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Discussion Starter · #1 · (Edited)
Attached is a picture of the first fiber clutch plate just inside the pressure plate.

I was off roading on the Washington State BDR. We ran into a fairly steep hill with super deep and silty sand. I quickly lost traction and tried to slip the clutch to get up the hill. After several attempts with the clutch all the way out and the engine revving the wheel wasn't spinning in 1st gear. "Oh crap", I've blown the clutch I'm thinking. We ran into some help and pushed the bike up the hill and let it cool for 1/2 hour. Bike felt fairly normal but noticed there was zero play in the clutch handle so ran the lever adjuster nut all the way inn and got a tiny amount of play back. I remember distinctly checking for proper free clutch handle play recently. It's something I do on a regular basis. I'm OC about maintenance as I take this bike to LATAM every winter.

After limping into a hotel in Cashmere, WA, I changed the oil in an autoparts store parking lot, and the bike seemed to be operating normally. However to be cautious I cancelled the trip and drove three hours back home on pavement, but noticed a couple times the bike stalled out when starting out like normal in first gear, and I also heard some "chattering" noises.

When I got home and took the clutch apart, this is what I found. The top/outside fiber plate, the first one just inside the pressure plate was "melted" and broken into lots of pieces. How I was able to get home is beyond me.

So going to replace all fiber and steel plates and springs, but question remains why? I spent maybe only four for five attempts to use clutch friction to get up the hill before this happened. Not very much in my opinion. Can't understand why a modern clutch would do this. If anyone has any ideas I'm all ears. I know there's several people on this forum with a lot of Wee time.

For more info, I was on Dunlop Mission Trailmax 50/50s (knobbies next time!) and I had moved to a 16T on the front sprocket vs. the OEM 15T, which didn't help matters any obviously. I had also completed a few months ago a 7K mile trip to Mexico and Central America that included some off road with no problems.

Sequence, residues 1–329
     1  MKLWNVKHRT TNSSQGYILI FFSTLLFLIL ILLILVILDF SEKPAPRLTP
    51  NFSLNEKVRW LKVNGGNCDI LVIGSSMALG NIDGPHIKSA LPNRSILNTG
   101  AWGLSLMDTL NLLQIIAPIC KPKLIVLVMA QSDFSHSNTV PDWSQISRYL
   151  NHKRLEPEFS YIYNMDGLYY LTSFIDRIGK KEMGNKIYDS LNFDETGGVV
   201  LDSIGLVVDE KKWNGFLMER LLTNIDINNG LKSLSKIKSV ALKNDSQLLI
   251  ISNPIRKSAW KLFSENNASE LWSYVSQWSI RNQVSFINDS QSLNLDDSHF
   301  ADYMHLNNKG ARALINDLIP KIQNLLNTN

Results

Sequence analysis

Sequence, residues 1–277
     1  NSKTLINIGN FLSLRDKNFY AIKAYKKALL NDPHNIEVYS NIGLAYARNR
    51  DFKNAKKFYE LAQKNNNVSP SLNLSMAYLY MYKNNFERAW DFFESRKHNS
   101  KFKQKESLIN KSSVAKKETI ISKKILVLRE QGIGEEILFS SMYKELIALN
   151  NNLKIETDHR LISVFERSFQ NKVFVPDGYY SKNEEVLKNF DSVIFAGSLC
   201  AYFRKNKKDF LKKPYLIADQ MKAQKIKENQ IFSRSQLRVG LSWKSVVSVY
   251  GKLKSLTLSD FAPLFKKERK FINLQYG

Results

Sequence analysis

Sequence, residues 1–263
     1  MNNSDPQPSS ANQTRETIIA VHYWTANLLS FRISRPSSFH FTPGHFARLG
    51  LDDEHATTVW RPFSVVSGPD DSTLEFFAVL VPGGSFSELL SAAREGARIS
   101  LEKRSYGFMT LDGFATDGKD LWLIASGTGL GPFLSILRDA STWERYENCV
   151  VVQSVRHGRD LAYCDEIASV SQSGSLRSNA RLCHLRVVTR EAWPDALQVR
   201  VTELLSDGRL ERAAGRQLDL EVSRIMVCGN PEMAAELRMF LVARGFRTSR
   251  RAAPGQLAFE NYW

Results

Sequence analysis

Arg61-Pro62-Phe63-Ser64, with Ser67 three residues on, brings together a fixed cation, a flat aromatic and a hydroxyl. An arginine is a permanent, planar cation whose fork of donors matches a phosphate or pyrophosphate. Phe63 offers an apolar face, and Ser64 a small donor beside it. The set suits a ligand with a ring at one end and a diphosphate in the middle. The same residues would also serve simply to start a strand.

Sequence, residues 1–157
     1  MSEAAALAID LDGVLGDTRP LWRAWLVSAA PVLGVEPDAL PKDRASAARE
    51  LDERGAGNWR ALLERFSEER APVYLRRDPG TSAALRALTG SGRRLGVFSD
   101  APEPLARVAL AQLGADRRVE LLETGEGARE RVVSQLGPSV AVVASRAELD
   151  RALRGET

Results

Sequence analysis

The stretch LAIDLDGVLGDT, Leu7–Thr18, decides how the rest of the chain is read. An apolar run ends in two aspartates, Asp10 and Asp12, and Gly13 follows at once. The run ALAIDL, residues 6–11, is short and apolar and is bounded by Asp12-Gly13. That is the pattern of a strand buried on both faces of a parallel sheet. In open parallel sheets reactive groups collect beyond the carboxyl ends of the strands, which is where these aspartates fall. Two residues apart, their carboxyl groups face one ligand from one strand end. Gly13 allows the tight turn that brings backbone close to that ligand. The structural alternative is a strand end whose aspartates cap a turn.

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Edit: Checked the fiber plates at a few random locations and they're in spec greater than minimum thickness. Still had plenty of life left in them.

Also thinking about installing a Rekluse if anyone has any experience with them.

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Edit again. Decided on reloading clutch with just the stock plates, not a Rekluse. Fiber and metal, and for good measure new springs and throwout/needle bearing. Also new pressure plate as the existing one has fused fiber plate stuck to it.



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Discussion Starter · #3 ·
Just to be sure, are you confident that the clutch had some free play before this episode?
Fair question to be sure. But yes, I'm pretty cognizant about checking free play periodically.
 
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What oil were you using? :whistle:

Seems like people use so many different types on this forum.

I had barnett springs in mine and went back to stock after I got golfer's elbow in my left arm.

Stockers did slip a bit when I "got on it" but I need my arm healed.
 

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Usually it's the clutch slipping, i.e. no free play and in some cases doing things like slogging through soft sand.

That'll destroy clutches on any of the big bikes. Sorry but there are things you simply can't do with these bikes (and I don't just mean DL's) that you might get away with on a smaller bike and slipping the clutch at decent rpms is one of them.

It's something I deliberately avoided doing when I was doing a lot of dirt on DL's and the clutch was noticeably slipping on seal when hard on it at 60,000k's.

From your description of what happened I suspect trying to do something that the clutch simply wasn't capable of was the cause. You can try Barnett components, their friction plates have a lot more meat and the springs are stronger but the result is pretty feral. "Be careful what you wish for".
 

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Not on DL, but just had a Barnett clutch installed in Sportster with Buell engine. I was afraid the clutch spring would be harder to use or the clutch would be noticeably grabbier. It works good with no issues, although H-D clutches are stiff to begin with.
 

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Ouch, now I'll be worried about my '18 clutch :oops: :rolleyes:let's hope that bits and pieces of your destroyed clutch, didn't contaminate the engine lubrication
 

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Discussion Starter · #8 ·

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Discussion Starter · #9 ·
That'll destroy clutches on any of the big bikes. Sorry but there are things you simply can't do with these bikes (and I don't just mean DL's) that you might get away with on a smaller bike and slipping the clutch at decent rpms is one of them.
Saw a KTM 1090 and an Africa Twin out there doing the same trail. I agree with you completely that these aren't dirt bikes, but there are lots of heavy ADV bikes that seem to be able to do it? I wouldn't think that this clutch is any different from those, but I'm not an engineer. :cool: